I really dislike bureaucracy for the sake of bureaucracy. Many believe a small group cannot exist unless there are written rules of order. A group is not considered "official" until someone has created some document on paper and used a bunch of legalese whenever possible.
A problem is that no matter how many rules are crafted, situations will occur which had not been contemplated by the rules. Accordingly, new rules get written to cover the new situation. And then another new situation occurs. And another. And another. Eventually, you need a handheld computer with search functions to sift through the rules.
Then the board meeting occurs with suggestions to close the loophole. Due to tempers, the matter gets sent down to committee and back. By the time a resolution has been achieved, the reason for the rule has passed. Worse yet, the situation never occurs again which causes people to wonder why so much time and energy was wasted on grammar.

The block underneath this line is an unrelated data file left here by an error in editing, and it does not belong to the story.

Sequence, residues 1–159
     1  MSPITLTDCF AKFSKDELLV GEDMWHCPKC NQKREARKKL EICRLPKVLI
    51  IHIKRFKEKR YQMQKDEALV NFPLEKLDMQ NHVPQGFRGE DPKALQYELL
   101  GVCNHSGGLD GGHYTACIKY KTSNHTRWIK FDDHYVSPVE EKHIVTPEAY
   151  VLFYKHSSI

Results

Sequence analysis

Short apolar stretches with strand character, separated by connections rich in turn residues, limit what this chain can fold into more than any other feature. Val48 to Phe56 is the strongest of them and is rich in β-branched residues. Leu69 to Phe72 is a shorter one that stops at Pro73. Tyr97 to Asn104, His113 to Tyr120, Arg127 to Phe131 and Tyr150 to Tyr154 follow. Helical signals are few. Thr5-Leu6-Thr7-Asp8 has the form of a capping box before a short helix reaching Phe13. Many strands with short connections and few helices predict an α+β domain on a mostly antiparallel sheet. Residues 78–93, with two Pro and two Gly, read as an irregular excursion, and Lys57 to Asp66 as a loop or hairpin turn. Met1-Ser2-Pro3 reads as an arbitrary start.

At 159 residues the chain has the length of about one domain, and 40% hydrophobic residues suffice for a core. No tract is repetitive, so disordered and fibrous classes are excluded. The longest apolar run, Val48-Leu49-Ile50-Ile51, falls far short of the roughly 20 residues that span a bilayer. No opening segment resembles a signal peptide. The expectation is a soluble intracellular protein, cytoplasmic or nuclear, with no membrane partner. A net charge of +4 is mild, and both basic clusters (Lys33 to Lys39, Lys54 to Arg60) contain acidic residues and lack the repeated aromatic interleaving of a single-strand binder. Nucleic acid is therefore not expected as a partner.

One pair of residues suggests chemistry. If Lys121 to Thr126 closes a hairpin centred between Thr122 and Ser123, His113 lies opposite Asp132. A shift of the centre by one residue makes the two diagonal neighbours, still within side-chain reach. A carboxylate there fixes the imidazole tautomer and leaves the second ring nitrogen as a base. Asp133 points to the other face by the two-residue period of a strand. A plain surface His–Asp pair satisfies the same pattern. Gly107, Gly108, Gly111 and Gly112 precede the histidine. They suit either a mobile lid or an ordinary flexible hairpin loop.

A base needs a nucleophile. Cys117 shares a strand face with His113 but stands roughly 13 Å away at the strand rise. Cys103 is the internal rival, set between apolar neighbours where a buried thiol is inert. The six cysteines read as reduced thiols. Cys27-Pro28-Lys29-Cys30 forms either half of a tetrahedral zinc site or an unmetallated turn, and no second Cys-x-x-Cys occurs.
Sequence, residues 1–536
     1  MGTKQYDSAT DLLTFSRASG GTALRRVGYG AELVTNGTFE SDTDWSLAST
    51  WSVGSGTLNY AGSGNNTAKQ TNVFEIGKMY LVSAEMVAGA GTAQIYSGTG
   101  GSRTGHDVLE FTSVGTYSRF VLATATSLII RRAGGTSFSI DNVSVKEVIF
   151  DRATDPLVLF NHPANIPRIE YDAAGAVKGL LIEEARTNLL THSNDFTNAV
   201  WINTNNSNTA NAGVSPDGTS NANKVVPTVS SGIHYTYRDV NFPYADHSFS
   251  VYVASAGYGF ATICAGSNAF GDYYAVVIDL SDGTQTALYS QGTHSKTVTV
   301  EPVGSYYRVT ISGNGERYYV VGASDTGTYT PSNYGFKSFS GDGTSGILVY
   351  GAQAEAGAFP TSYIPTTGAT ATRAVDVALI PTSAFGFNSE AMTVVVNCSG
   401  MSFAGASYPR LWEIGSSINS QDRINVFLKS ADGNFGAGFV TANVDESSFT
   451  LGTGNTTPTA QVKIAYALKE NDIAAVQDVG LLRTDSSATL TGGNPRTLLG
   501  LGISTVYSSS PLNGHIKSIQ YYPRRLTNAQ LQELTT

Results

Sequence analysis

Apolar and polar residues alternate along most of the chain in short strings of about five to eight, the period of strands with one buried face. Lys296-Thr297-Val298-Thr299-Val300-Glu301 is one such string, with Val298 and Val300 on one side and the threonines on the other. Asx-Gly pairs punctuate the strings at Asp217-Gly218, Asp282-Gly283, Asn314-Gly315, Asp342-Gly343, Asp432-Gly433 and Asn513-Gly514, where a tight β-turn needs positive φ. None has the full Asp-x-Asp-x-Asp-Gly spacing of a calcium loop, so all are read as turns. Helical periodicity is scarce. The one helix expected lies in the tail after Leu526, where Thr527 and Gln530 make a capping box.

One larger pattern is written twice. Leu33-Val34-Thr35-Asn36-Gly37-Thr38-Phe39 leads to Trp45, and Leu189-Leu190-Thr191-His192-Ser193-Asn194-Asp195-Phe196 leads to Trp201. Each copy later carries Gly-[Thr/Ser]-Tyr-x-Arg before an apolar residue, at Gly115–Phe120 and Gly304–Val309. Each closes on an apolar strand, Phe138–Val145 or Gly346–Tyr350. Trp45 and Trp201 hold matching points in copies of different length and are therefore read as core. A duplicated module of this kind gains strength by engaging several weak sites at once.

Other times, a situation occurs which falls directly within the parameters of the rule, but people don't want to enforce the rule because of perceived harshness or unfairness. Thus, an exception gets created.
More rules upon rules upon rules don't necessarily create more order. Moses only brought ten commandments down from Mt. Sinai. A reenacting group of which I am particularly aware has promulgated thirty nine pages of bylaws and safety standards. The ones that Moses carried make more sense.
"While the original battle [Gettysburg] may arguably be considered the epicenter of the history of the war, the GAC reenactment is not the epicenter of the hobby. To confuse or equate the two is unfortunate. - Bernard Biederman, 6 July 2012
"Authenticity conflicts occur when reenactors from one end of the spectrum attend events at the other end of the spectrum then try to impose their own standards instead of event standards."